From the President


      Reflections  - Summer 2018

Having just returned from an environmental and ecological adventure in the Galápagos Islands and the Amazon Rainforest of Ecuador, I cannot help reflecting upon my own involvement with Deerfield Island.  The island is but a unique “left-over” from the development and construction of today’s Florida.  Once a part of the fresh water marsh that helped drain the Everglades, it is now an isolated parcel of native and invasive flora and fauna residing in an urban community.

The rainforests of the world are under siege by the forces of development,  just as our unique Everglades are.  These forests are being cleared for agricultural production, housing development and the harvesting of trees and wood production.  The rainforests are unique in being the source of many plant and animal species.  Many of them have properties that are as yet undiscovered.  Measured utilization of these global resources should be encouraged in order to preserve them for future generations.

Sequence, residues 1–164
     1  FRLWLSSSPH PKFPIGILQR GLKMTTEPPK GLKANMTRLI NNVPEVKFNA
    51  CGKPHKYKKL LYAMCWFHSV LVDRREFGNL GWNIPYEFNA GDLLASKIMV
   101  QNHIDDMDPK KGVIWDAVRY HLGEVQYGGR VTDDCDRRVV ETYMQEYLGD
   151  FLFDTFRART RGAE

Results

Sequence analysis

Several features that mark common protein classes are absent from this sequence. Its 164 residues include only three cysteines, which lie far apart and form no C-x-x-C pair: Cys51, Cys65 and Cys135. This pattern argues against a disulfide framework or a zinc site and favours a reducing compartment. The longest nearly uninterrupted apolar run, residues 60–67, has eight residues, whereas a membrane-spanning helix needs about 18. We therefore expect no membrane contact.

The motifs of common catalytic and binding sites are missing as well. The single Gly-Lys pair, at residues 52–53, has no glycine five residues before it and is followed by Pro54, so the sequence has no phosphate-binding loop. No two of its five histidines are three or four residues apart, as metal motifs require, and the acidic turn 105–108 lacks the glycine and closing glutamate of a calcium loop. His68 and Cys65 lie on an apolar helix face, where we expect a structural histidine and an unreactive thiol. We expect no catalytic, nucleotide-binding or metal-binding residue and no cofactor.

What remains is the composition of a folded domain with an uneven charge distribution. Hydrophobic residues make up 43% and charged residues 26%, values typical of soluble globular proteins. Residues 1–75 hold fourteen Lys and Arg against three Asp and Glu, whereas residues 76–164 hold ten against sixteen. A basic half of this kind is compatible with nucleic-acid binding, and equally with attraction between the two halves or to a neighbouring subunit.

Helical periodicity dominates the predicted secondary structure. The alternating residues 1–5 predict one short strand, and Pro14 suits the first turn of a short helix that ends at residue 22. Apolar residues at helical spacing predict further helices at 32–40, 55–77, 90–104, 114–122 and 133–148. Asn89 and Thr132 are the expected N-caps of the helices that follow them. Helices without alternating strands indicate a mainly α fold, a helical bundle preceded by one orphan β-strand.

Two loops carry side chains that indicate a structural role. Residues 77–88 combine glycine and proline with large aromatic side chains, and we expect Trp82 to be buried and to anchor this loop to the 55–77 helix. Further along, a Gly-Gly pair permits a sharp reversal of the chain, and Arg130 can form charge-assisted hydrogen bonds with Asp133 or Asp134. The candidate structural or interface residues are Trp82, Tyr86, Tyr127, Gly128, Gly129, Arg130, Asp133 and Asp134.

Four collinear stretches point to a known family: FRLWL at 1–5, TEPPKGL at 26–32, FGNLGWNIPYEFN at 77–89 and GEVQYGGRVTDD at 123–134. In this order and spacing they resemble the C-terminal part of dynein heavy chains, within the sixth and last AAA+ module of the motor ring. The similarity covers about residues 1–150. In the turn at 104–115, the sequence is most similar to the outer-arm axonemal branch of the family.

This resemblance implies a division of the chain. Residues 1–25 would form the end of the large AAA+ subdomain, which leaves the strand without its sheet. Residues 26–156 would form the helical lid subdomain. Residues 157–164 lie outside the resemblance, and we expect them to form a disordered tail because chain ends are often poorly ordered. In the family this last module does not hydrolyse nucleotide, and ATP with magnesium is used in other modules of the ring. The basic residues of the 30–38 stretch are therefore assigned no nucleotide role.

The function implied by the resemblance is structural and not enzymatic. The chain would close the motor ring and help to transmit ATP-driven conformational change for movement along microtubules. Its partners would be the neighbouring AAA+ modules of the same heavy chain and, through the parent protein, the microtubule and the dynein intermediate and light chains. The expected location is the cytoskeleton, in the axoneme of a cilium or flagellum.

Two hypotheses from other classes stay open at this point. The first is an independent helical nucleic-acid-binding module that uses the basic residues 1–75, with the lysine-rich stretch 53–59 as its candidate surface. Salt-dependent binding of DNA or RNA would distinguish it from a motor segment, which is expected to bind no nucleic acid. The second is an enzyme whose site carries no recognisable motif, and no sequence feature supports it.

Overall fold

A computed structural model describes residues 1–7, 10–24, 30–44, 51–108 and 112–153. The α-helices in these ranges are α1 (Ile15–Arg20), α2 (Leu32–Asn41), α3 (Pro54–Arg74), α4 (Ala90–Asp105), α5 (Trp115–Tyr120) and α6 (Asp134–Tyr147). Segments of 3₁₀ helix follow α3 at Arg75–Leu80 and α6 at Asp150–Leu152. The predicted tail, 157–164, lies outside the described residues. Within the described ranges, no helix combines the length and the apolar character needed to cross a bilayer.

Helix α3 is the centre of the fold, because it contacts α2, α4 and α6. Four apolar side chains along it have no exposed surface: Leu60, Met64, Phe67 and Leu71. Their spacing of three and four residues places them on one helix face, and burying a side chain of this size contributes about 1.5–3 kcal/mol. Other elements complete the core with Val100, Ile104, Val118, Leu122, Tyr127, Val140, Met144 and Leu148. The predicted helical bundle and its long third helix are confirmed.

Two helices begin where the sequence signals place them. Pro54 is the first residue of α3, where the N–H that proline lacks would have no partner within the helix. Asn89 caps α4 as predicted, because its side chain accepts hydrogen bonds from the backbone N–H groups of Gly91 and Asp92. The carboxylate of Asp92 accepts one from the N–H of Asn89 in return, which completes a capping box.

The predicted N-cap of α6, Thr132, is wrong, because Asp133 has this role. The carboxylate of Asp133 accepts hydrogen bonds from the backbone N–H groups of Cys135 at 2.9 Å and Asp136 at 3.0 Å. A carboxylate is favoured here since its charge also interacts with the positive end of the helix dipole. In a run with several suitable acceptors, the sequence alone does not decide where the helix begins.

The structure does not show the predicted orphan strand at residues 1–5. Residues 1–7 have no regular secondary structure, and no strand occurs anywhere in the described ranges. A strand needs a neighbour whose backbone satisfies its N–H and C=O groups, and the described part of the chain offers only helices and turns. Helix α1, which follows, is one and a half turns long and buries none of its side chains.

The value of Deerfield Island lies not so much in its history, but, in what it can bring to educating the public relative to our own unique position as having been a part of the “great sea of grass” that once flowed down the great state of Florida.  We can demonstrate and encourage native plant horticulture, while explaining the damage that invasives can do our community. Supporting the restoration of the Everglades and replenishing the aquifer through rechanneling  the drainage systems closer to what it was prior to the great assault on the Everglades.  Some of this has already begun.  Currently we have seen extensive rains that we would hope was replenishing the aquifer, but that is not the case.  Much of that runoff is merely directed into canals and channels that ultimately just get dumped in the ocean.  We can each help change perceptions and the direction of local, state and federal activities.  We can do this not just for ourselves, but for the future.